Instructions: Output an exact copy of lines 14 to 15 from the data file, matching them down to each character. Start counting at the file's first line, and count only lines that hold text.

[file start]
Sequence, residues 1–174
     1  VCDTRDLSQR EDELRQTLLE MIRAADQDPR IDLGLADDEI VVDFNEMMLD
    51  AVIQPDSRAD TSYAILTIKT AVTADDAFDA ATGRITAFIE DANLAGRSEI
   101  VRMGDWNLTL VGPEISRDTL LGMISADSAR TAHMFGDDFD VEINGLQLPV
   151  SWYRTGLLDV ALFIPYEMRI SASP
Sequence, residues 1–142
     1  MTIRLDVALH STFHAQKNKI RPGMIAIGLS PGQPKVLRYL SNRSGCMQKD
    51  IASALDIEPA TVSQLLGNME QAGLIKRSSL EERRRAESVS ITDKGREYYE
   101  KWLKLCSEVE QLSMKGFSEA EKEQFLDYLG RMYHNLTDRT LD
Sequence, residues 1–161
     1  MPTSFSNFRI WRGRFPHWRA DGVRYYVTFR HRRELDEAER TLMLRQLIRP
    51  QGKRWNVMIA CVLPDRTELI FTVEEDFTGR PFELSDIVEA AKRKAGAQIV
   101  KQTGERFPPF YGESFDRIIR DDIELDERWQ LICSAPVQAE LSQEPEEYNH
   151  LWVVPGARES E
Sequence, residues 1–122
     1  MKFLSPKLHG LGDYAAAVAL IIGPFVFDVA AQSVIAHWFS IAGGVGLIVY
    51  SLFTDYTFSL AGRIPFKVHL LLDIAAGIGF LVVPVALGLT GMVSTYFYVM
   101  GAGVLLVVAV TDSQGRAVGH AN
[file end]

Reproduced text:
   151  LWVVPGARES E
Sequence, residues 1–122